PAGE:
Survey / Galway School Bike Count

Survey / Galway School Bike Count

As part of Bike Week, Galway Cycle Bus and Galway Cycling Campaign have teamed up to do an ambitious yet simple project this week: we’re going to count the number of bikes outside every primary and secondary school in Galway City.

We want to find out how many children (and teachers) are cycling to school in Galway. We can see the amount of bikes at schools has increased. We want to count the bikes this week and to repeat the exercise a number of times at random throughout the school year.

We’re asking parents, teachers and principals to count, and photograph, the student bikes parked on school grounds on Tuesday 22 or Wednesday 23 September and send them onto us via email, DM on Twitter, or on a form on the Galway Cycle Bus website.

Data will be shared with all participating schools and all data gathered will be published for analysis.

Email galwaycyclebus-at-gmail-dot-com to participate and for more information.

Bike Week 2020

This year Bike Week looks a little different. We’ve organised online meetings, info sessions and working groups since March, and so we’re using this experience to bring you a series of webinars with guests from Ireland, Europe, and the USA.

Bike Parking and the Bottom Line

The Covid-19 pandemic has had a huge impact on local businesses and retail in Galway city and county. We’re all living our lives more locally these days and government advice is to walk or cycle where possible.  International research and the experience of Dublin shows that quality and inclusive bike parking is an investment in local and loyal customers.

  • His Excellency, Adriaan Palm,  Ambassador at The Netherlands Embassy to Ireland
  • Chris Bruntlett, Dutch Cycling Embassy and co-author of Building the Cycling City: The Dutch Blueprint for Urban Vitality
  • Richard Guiney, CEO of Dublin Town
  • Clodagh Colleran, Development Studies Association of Ireland, Trinity College Dublin

>Register for webinar<

Safer Roads, Safer Cities, Better Lives: The view from Europe and the UN

Decisions made by the European Commission and the UN have an impact on the road design and safety of our urban roads, residential streets, and bóithirín.

Insights into the impact of the lockdown on road safety from across Europe will be discussed as well as ideas for how we deal with a transition out of it.

Our guests from Europe will share how and why safe walking and cycling infrastructure and reducing speeds must be at the heart of our transport and mobility evolution.

  • Matthew Baldwin, the first European Coordinator for Road Safety and Sustainable Mobility
  • Ellen Townsend, Policy Director at the European Transport Safety Council
  • Rod King MBE, Founder and Campaign Director of 20’s Plenty for Us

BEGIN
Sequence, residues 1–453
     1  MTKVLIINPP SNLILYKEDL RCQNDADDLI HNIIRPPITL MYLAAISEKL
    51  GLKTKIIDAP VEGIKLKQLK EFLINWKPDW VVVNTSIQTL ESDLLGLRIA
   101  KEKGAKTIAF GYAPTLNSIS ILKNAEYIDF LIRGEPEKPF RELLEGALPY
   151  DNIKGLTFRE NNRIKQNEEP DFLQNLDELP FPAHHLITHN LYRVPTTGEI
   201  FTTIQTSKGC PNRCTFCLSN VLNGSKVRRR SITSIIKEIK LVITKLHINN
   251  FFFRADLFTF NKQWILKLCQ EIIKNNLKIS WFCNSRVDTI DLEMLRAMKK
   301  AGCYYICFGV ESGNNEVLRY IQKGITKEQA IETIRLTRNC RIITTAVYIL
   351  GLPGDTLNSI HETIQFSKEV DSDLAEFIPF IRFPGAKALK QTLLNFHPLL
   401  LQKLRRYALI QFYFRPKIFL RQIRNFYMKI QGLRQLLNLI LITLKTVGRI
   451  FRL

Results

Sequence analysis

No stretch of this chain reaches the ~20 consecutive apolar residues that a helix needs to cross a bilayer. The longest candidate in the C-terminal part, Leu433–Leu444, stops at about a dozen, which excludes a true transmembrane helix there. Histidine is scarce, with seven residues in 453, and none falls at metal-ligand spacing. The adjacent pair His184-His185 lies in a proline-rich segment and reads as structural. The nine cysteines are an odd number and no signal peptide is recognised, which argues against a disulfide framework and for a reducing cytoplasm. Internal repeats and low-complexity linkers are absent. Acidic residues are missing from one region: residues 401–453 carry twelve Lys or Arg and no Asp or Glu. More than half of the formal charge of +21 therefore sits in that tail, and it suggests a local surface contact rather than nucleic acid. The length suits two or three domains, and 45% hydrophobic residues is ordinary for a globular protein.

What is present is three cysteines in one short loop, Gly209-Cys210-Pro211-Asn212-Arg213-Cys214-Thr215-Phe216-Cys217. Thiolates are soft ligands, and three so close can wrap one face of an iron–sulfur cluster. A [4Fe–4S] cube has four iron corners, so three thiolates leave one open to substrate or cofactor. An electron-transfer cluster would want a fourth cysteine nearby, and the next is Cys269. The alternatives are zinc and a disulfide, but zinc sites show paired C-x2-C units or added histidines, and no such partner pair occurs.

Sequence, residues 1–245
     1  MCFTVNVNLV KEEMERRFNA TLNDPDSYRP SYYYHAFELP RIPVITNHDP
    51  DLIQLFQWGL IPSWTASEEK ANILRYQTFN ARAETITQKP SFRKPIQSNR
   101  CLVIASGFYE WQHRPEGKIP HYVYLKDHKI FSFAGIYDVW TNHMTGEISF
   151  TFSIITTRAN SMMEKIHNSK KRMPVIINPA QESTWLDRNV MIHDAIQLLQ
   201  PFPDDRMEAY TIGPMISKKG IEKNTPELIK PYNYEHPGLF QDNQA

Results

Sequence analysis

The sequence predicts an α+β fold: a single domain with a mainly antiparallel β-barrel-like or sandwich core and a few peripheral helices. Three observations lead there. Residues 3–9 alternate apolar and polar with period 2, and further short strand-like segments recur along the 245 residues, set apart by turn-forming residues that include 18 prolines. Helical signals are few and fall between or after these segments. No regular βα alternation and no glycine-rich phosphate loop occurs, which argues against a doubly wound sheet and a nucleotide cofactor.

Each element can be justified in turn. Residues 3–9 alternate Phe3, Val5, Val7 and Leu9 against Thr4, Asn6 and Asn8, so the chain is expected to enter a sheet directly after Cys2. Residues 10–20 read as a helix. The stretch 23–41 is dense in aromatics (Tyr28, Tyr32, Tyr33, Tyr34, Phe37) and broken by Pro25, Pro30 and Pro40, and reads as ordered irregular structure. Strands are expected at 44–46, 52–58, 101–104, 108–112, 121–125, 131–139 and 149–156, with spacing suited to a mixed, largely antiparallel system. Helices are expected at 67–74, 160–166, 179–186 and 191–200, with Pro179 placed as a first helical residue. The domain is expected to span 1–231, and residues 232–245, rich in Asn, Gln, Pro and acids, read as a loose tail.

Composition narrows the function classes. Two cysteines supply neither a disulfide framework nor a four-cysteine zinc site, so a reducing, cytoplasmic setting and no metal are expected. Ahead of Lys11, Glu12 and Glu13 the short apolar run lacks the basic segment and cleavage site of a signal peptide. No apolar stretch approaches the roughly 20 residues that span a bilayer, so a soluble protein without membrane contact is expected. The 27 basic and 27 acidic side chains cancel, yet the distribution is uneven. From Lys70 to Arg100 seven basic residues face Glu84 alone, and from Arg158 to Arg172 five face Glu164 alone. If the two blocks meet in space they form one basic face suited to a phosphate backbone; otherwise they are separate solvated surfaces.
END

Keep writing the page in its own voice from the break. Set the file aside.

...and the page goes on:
>Register for webinar<

MOTHERLOAD, the movie

MOTHERLOAD, virtual community screening in Galway and Q&A with director Liz Canning

Date: Sunday, 27 September 2020, 7.30pm – 10pm

Our grand finale to Bike Week 2020 is hosting MOTHERLOAD as a virtual community screening and covideo party. We’re delighted that director Liz Canning will join us for a Q&A on Zoom immediately afterward for a panel discussion with urban liveability and health experts.

This 86 minute documentary from the USA captures a new mother’s quest to understand the increasing isolation and disconnection of modern life, its planetary impact, and how cargo bikes could be an antidote. It won a Sundance Special Jury Prize in 2019.

 Join the covideo party on Twitter using the hashtags #MOTHERLOAD #MOTHERLOADgalway

Post-screening Q&A with

  • Liz Canning, director of MOTHERLOAD
  • Neasa Bheilbigh, Galway Cycle Bus
  • Síle Ginnane, co-founder of Better Ennis
  • Jo Sachs-Elderidge, organiser of the Leitrim Cycling Festival and co-author of A Vision for Cycling in Rural Ireland by the Rural Cycling Collective

>Register for screening and Q&A webinar<

Bike Week 2020 webinars hosted by Galway Cycling Campaign are funded through a grant awarded by Galway City Council through the Active Travel initiative by the Government of Ireland

‘Crazy’ 80kmph speed limit outside Boleybeg primary school

Locals have expressed concerns over proposals by Galway City Council to set a “crazy” 80kmph speed limit outside the gate of a Galway City primary school.

St Joseph’s primary school and Naíonra Cháit

In the draft speed limit bye-laws, the council has designated all of Rahoon Road west of Clybaun Road as 80kmph, including the section outside the site of Scoil Naomh Sheosaimh primary school and naíonra in Boleybeg. This would make it the only school in Galway City with an 80kmph speed limit outside the school gate. 

Neil O’Leary, parent of a child at the naíonra, said, “It’s crazy that Galway City Council would even consider making this section of road 80kmph. There are hundreds of children arriving at the school gates here every day. Yet the bicycle rack remains empty as parents choose to drive to school because it feels safer, and who could blame them? If a child is hit by a vehicle whizzing by at 80kmph, a socially distant funeral is all but guaranteed. At 30kmph, that same child has a 90% chance of surviving and returning to the playground.”

“I cycle my son to and from here most days and I know other parents would like to do the same, or walk with their kids, but don’t feel safe enough to do so. A lower speed limit would make for a much less hostile road environment, help attract more parents out of their cars and fill up the bike-rack at the school” said Mr O’Leary. 

Public consultation on the proposed speed limit bye-laws is open until 16th September. Any concerns or proposals to Galway City Council can be made at http://bit.ly/galwaycityspeedlimits